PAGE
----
National Collegiate Trust

Is National Collegiate Trust a Federal Loan?

Is National Collegiate Trust a federal loan? First of all, if you’ve never taken out a private student loan and then sued for defaulting, then you probably don’t even know of this organization or what they do. However, chances are since you’re reading this, you have previously taken out a student loan and the National Collegiate Trust is now suing you. 

Is National Collegiate Trust a Federal Loan Officially?

Is National Collegiate Trust a federal loan associated with the federal government in any official manner? Here’s the thing, the National Collegiate Trust isn’t a federal loan, a lender, guarantor, or even a servicer of your loan. It’s not connected to the federal government or any universities across the country for that matter.

What is the National Collegiate Trust?

Is National Collegiate Trust a federal loan or any type of loan at all? If you took out a private student loan then most likely the National Collegiate Trust is involved with your loan but it’s not a loan itself. The trust is actually a string of trusts that are comprised of several private student loans put together as a package and then sold as a means of an investment vehicle for other investors.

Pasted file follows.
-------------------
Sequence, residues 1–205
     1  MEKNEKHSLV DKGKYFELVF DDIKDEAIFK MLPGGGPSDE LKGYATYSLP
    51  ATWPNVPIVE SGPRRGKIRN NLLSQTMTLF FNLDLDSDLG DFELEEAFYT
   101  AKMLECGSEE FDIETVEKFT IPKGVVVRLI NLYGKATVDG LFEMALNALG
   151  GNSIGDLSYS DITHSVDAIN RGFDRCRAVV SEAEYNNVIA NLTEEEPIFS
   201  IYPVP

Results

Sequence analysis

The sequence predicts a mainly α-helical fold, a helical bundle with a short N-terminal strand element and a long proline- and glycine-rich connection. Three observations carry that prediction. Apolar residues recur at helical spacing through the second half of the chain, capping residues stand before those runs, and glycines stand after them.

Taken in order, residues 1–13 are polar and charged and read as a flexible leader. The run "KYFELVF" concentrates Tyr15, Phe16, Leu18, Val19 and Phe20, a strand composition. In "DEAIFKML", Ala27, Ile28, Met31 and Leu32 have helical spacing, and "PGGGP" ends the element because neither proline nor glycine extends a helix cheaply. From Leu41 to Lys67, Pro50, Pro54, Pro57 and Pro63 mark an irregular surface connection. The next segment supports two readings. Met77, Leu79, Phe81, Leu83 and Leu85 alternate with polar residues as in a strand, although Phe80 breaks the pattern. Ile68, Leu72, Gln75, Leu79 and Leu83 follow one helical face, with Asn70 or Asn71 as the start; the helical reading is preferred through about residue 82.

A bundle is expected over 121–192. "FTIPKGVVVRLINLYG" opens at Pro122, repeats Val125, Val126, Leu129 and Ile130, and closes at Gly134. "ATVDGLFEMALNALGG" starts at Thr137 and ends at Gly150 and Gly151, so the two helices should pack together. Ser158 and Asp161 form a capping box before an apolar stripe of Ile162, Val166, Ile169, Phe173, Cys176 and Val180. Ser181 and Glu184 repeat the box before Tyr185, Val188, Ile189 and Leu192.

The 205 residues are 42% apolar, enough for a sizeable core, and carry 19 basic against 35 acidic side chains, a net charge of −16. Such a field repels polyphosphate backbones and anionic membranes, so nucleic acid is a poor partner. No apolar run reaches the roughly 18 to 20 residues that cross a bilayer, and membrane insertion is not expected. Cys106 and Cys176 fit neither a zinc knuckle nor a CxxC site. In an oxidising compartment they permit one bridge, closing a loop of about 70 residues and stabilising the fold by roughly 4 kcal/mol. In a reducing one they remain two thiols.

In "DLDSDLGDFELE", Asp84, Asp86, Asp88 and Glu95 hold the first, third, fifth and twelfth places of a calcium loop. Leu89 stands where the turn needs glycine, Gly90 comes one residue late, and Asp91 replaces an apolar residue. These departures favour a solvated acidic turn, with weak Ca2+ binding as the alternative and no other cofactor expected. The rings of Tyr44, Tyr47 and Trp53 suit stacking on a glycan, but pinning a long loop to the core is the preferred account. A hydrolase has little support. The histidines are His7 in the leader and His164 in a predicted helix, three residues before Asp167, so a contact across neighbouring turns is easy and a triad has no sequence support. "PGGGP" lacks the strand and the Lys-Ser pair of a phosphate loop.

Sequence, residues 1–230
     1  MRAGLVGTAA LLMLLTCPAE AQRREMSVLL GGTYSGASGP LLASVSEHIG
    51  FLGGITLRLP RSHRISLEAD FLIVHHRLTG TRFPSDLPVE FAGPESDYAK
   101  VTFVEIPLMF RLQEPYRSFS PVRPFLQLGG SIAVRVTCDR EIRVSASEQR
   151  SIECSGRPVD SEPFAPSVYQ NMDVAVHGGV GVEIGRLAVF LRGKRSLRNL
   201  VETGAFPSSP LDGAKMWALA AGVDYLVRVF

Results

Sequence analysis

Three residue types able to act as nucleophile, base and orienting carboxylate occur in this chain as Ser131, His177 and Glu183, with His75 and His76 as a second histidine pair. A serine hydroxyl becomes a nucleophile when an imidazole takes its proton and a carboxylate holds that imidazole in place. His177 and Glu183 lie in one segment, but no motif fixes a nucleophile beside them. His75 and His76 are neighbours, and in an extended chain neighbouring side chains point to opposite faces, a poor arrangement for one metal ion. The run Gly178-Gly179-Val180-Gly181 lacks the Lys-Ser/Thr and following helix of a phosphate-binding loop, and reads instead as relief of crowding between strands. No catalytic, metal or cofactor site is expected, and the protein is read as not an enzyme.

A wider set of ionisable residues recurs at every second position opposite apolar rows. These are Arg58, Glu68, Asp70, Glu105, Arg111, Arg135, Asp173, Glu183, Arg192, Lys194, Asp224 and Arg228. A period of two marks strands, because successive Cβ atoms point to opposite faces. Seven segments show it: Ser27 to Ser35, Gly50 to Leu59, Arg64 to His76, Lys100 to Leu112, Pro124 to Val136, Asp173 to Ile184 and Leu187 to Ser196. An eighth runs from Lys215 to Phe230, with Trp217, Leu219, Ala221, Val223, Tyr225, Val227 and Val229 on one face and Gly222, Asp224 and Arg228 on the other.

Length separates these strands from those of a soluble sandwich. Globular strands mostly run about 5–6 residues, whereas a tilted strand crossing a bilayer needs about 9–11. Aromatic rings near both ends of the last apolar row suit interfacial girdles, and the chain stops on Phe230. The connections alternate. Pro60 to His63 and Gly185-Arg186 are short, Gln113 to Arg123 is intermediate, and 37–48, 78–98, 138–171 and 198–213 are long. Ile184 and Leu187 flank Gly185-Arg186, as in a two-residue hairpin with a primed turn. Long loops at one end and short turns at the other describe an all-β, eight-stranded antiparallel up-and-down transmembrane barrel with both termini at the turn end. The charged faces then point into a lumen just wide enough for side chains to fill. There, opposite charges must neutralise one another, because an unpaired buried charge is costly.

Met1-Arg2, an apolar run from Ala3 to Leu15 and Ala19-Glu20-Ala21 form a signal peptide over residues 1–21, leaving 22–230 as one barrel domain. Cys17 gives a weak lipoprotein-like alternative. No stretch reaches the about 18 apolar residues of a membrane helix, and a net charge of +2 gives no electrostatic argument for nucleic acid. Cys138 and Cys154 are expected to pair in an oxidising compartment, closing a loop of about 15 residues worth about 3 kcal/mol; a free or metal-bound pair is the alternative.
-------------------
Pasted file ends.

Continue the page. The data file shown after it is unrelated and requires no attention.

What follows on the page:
Basically, they purchase the private student loans and then pursue the judgments against the individuals with the debt. They may use unethical methods and have been known to harass debtors especially if you don’t take the opportunity to challenge their claims in court. 

Here’s how the process goes:

It’s no secret that the cost of getting a degree is steep. It’s no wonder Millennials are more likely to have higher debt. If you’re looking for ways to fund your college education in the United States, you may try to qualify for a grant or a scholarship that does not require repayment. If you strike out there, you most likely will turn to federal student loans. These loans come from the U.S. Department of Education and funds are limited. 

If you are unable to secure enough funding, then you might consider getting a private student loan from a local bank as a way to make up the difference not covered by grants, scholarships, or a federal loan. Some of these banks include:

  • Bank of America, N.A.
  • Charter One Bank, N.A.
  • JPMorgan Chase Bank, N.A.
  • RBS Citizens, N.A.
  • Union Federal Savings Bank
  • Wells Fargo Bank, N.A.

What Happens to the Loan?

If you obtain a loan from one of these banks, then is National Collegiate Trust a federal loan or a private loan? It’s neither because it buys the debt in an attempt to make a profit off of it. These above banks are referred to as the loan originators because you borrowed or co-signed a private student loan from one of these institutions. 

The loan begins with the bank and is then transferred to The National Collegiate Funding LLC, which is an entity for holding on to the loan until it’s moved into the trust. The National Collegiate Funding LLC is known as the Depositor because it does nothing except take in the funding from the loans and then deposits them into the trust.